June 12, 2012 |
This post has been updated, as indicated below. Unless the Federal Communications Commission swoops in, Tuesday could be a belated day of reckoning for cable TV customers with old-school analog sets. Local television stations shut off their analog broadcasts three years ago, forcing anyone who relied on over-the-air signals to switch to swap their analog TVs for digital ones or, more affordably, buy digital-to-analog converter boxes. The latter cost about $50, but the feds offered to subsidize the purchase of up to two boxes per home, cutting the price to about $10. Most cable TV subscribers, however, didn't have to worry about the change in technology.
October 5, 1996
Congratulations to the TV Campaign '96 Coalition for trying to convince local commercial television stations to provide daily coverage of election issues ("Most L.A. TV Stations Refuse to Set Aside Time for Issues," Calendar, Sept. 23). It is dismaying, but not surprising, to learn that some broadcasters feel they have no role to play in encouraging the development of a more knowledgeable electorate. By shirking this responsibility, broadcasters are violating the public trust that should accompany their licenses.
CALIFORNIA | LOCAL
December 26, 1992
So after spending years bullying the networks into accepting guidelines for the depiction of violence, Sen. Paul Simon (D-Ill.) now bemoans that the guidelines "lack teeth" because they can't be enforced by law. Damn right! Maybe he's forgotten, but there's a thing called the First Amendment that prevents government from proscribing what its citizens may see and say. Ultimately, there's only one solution--abolish the FCC (at least as far as it has power to control content). After over half a century of operating by leave of the government, let broadcasters take their rightful place alongside book, magazine and newspaper publishers and let the public truly decide what it wants.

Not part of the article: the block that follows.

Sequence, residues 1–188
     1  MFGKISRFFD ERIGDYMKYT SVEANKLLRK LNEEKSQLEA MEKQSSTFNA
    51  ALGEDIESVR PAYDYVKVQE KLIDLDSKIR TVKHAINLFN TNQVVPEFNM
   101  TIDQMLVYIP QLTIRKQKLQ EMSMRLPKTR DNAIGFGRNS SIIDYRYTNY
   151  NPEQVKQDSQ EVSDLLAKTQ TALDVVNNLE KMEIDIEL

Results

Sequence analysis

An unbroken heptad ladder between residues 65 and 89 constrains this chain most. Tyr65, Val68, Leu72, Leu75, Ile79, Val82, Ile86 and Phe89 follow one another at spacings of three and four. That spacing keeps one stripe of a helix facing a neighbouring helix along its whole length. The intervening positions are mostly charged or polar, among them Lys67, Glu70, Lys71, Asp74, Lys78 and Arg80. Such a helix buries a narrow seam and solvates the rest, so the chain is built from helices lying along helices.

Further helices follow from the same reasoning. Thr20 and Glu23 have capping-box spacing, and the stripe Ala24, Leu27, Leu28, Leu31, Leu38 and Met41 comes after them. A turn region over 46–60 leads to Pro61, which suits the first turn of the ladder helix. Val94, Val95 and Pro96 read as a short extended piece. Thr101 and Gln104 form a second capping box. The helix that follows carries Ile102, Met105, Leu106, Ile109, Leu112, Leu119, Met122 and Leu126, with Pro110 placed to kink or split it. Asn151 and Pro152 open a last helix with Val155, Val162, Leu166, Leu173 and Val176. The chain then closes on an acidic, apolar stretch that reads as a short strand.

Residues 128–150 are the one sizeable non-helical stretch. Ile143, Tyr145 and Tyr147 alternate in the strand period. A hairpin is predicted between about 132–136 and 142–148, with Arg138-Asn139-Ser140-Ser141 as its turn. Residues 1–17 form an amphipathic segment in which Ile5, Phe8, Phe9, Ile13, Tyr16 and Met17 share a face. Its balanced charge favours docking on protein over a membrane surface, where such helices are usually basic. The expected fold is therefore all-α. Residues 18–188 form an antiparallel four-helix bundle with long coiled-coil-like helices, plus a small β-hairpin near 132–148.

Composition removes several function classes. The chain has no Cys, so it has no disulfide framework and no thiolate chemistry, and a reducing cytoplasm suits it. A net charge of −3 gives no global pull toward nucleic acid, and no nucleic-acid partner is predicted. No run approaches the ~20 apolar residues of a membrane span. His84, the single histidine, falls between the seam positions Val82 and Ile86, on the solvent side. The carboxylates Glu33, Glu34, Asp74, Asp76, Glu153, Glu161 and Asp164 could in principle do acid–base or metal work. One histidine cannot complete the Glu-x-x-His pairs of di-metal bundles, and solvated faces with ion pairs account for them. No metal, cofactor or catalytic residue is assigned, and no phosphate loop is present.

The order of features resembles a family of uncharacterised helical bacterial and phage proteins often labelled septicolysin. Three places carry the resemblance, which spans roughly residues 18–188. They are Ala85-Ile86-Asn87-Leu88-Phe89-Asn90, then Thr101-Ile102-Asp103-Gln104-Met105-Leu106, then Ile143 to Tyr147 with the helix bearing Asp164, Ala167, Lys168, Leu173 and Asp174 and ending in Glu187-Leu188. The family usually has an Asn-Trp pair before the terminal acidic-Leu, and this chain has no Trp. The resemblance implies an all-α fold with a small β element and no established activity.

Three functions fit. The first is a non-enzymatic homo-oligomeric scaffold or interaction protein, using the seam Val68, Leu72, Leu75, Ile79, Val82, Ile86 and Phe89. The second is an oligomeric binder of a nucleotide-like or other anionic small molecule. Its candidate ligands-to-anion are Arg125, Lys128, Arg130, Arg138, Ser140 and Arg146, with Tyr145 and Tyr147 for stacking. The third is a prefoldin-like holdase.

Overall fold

October 18, 2008 |
Broadcasters including CBS Corp. and Walt Disney Co.'s ABC asked the Federal Communications Commission to delay a Nov. 4 vote on a plan to free up unused TV airwaves for wireless Internet access. The agency should push the vote back at least 70 days to allow the public to comment on this week's finding by FCC engineers that steps could be taken to prevent harm to digital television signals, the broadcasters said. The report is erroneous and the airwaves plan may interfere with millions of digital TV sets, they said.
August 15, 2012 |
Aereo Inc., the new distribution service that media mogul Barry Diller is backing, has little chance of survival, a media analyst said. Besides the legal battles Aereo is facing with CBS, NBC, Fox, ABC and other broadcasters, there are also questions about whether there is demand for what Aereo is offering. "Even if Aereo can win in court, the company is already dead in the water for multiple reasons," said Dan Rayburn, an analyst with Frost & Sullivan. Aereo, which launched last spring in New York, basically transmits the signals of local broadcast stations via the Internet to smartphones, tablets and Internet-friendly TVs. Aereo charges subscribers $12 a month for a small antenna that receives broadcast signals and a remote digital video recorder that can hold up to 40 hours of shows.
August 26, 1990
Of all the "heavyweights" quoted on what are the merits of a good anchor, not one mentioned the old acronym PEP (projection, enunciation and pronunciation). Whatever happened to the old-time broadcasters who were steeped in these three important ingredients that should be included in any broadcaster's arsenal? Norman Germani, El Centro
CALIFORNIA | LOCAL
September 1, 1998
There are numerous erroneous claims in The Times' attack on the broadcast industry ("TV Snubs the Public Interest," editorial, Aug. 24), but none more outrageous than the assertion that public service announcements have dropped dramatically on television and radio. Earlier this year, the Ad Council announced that in 1997 broadcasters donated a record $703.3 million in air time for PSAs--up from $633.9 million in 1996--to educate viewers and listeners on topics as diverse as breast cancer, drug abuse, drunk driving and AIDS awareness.